Subsidy v Infrastructure....

Discussion in 'Free Speech Alley' started by JD, May 22, 2003.

  1. JD

    JD Founding Member

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    When Clinton campaigend in 1992, one of his major promises (and the only one he didn't deliver on) was to spend lots of money on infrastructure. In the end, ending the deficits were more important so, sadly, it did not happen.

    It needs to - we need modernized roads, bridges and, most of all, rail.

    It also helps businesses - it helps them a lot. It gives them the necessary tools with which to operate.

    BUT, it helps them democratically, versus the subsidy approach that is based on how well you grease politicians.

    Further, it doesn't skew markets, the infraststructure is available to ALL businesses, including start-ups. It doesn't buffer shareholders from economic losses - a risk that is inherent and necessary for free markets to perform the services to the nation and consumers that they are intended.


    You subsidize one industry and what happens? It loses all incentives to produce superior products; it gives the favored industries a huge economic advantage over a fledging industry or producer who might have the superior product, but can't compete because the competitor is flush with government funds protecting it from any economic penalty that it should sustain from pushing an inferior product.
    End these idiotic subsidieds.

    REbuild this nation's infrastructure.

    Let the consumers, not the politicians, decide which products and companies are worthy of support.
     
  2. Bengal B

    Bengal B Founding Member

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    While what you say makes a lot of sense in the long run would you deny federal subsidies to the airline industry? I hate it as much as you do that the airlines were run so ineffiencently that they are in the shape they find themselves now in the continued aftermath of 9-11 but it is crucial to the economy that we have a reliable air travel system in this country. Of course the situation most of the major airlines find themselves in is their own fault for not streamlining their basic method of operations and anticipating the effects of a major catastrophe like 9-11 but can we afford to let them go down the toilet without a way to provide a system of continued air travel service without a major interuption? Sure there are a very few airlines who have been basically uneffected by the situation and continue to make a profit without going into bankruptcy and without major layoffs. Southwest Airlines is the only one I can think of right now. So what happens if we cut off all federal support to United and American Airlines? Do we throw our support to the profitable airlines like Southwest to fill in the gaps in air travel coverage? If we did how would those airlines be able to afford to expand their services quickly enough to provide a seamless transition without major long term disruption to the basic fabric of the American system of reliable air travel? The surviving airline companies would have to be able to buy a hell of a lot of planes to be able to do it. That would take either massive govenment subsidies or massive loan guarantees.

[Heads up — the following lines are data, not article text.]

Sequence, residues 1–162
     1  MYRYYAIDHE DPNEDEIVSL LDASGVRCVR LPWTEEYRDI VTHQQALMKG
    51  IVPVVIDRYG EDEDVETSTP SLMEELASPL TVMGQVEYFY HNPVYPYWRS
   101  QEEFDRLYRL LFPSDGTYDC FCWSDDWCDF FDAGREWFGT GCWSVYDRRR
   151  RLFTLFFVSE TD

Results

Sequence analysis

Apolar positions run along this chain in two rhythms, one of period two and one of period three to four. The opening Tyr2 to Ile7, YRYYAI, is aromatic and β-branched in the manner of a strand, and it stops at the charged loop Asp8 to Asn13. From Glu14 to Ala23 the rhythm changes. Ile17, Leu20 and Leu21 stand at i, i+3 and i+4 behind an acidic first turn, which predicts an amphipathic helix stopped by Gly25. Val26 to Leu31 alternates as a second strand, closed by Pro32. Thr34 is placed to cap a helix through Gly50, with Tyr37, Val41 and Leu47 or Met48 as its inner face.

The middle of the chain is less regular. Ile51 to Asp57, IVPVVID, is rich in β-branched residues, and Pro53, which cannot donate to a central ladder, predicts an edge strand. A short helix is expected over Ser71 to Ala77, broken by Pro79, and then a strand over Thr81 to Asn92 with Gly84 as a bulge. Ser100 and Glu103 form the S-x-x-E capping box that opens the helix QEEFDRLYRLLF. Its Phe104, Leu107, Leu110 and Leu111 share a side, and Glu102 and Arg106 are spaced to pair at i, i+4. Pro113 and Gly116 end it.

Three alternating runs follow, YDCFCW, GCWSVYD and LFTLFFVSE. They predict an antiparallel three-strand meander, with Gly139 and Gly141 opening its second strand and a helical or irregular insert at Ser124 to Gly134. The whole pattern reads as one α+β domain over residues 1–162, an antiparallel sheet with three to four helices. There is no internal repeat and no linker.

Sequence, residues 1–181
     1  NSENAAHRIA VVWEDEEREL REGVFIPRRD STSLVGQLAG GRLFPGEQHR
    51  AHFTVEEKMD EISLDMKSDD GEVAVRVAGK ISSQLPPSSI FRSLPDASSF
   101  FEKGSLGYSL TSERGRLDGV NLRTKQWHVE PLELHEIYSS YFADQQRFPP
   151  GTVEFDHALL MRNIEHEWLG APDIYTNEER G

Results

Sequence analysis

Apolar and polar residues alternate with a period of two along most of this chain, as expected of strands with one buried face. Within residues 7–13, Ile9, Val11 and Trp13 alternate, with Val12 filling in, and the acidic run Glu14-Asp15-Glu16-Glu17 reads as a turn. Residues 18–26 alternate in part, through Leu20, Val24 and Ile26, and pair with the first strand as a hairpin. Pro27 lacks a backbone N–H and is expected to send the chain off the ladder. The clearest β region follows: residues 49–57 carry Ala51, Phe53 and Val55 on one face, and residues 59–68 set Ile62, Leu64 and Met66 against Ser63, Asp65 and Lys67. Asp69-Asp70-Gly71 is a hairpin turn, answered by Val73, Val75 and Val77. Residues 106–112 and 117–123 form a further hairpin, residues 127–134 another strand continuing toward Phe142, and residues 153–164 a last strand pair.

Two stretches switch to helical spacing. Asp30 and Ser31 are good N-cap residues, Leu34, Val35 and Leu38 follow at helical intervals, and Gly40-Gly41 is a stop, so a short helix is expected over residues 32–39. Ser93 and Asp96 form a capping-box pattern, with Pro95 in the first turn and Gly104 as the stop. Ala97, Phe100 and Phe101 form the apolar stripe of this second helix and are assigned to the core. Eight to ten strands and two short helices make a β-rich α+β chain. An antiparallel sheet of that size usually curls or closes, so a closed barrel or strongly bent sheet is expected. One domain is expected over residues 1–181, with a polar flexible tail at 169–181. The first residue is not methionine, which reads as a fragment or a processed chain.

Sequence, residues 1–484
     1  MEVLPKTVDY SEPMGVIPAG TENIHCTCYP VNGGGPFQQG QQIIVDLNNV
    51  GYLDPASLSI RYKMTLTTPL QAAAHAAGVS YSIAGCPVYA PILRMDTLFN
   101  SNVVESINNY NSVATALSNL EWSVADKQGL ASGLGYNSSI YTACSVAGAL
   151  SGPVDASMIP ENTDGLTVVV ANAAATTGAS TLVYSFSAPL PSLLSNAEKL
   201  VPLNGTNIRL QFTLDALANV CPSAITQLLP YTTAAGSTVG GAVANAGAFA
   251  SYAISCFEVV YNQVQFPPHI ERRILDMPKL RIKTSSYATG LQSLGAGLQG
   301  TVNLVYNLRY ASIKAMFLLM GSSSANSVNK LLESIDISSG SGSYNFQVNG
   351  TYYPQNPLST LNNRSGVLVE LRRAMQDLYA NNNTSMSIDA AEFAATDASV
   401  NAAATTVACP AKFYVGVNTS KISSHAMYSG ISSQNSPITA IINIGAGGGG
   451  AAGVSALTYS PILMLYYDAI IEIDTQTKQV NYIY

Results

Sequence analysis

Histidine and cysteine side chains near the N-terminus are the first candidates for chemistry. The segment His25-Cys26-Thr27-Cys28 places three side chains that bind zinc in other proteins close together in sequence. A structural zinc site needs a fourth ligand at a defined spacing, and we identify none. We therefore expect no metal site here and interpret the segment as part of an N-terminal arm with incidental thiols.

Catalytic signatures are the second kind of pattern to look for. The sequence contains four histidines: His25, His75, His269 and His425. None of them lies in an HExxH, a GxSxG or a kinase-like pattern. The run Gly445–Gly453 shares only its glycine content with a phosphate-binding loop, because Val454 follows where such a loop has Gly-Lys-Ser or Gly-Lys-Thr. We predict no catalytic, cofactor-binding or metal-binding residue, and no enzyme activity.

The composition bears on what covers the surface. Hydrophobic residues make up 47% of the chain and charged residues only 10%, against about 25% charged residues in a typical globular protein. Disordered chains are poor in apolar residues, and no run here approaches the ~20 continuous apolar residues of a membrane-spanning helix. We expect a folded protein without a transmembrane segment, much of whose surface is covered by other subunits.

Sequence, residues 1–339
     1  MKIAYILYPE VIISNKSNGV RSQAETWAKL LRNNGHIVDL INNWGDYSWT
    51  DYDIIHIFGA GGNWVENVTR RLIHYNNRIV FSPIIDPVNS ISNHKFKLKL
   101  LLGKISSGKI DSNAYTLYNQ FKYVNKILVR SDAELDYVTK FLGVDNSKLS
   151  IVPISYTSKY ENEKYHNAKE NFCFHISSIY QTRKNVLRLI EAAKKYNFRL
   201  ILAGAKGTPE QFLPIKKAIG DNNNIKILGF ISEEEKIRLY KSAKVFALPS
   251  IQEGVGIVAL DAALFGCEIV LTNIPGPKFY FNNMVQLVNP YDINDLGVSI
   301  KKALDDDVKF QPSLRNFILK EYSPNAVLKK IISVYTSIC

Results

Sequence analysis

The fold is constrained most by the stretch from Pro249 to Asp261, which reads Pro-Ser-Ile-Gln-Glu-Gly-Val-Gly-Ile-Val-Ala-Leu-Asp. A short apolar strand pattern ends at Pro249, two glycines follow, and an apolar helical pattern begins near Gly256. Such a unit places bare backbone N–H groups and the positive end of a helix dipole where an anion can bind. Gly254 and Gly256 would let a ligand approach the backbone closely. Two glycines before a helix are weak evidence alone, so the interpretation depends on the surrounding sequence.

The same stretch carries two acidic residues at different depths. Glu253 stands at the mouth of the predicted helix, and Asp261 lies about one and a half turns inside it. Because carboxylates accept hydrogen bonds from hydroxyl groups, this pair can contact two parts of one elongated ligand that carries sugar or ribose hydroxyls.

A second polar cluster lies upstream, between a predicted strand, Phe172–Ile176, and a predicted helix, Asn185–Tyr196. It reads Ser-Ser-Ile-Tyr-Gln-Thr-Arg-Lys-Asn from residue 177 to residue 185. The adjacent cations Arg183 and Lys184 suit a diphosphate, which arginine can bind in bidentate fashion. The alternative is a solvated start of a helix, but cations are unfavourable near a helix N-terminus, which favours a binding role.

Even though it might seem attractive to let some of the big airlines go down the tubes the long term effect would be to put the control of air travel into the hands of just a few airlines. "Hey Buddy, you don't like the price of a round trip ticket from LA to Chicago? Tough Drive or take a Greyhound!
     
  3. JD

    JD Founding Member

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    The problem with those subsidies to airlines were that the best managed and most efficient airline, southwest, was flush with cash. It was a reward to inefficiency.
    I'd have given them short term loans.
    And when the prospects of "Bailing out" united, even via loans, were debated, their competitors claimed foul saying it gave them an unfair advantage, which it did.
    There is no easy answer, but, in general, the subsidy is bad economic policy.
     
  4. Bestbank Tiger

    Bestbank Tiger Founding Member

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    The airlines are in trouble because of gross mismanagement. The subsidies to American were simply a transfer of wealth from working people to Don Carty.

    JD is right--Southwest isn't in any trouble. Check out MoneyCentral--in the past 12 months they've turned a profit of a quarter BILLION dollars. American lost $3B and got rewarded with OUR money. If they knew they couldn't count on the taxpayers to bail them out, they'd either do things the right way or sell their planes and routes to their competitors.
     

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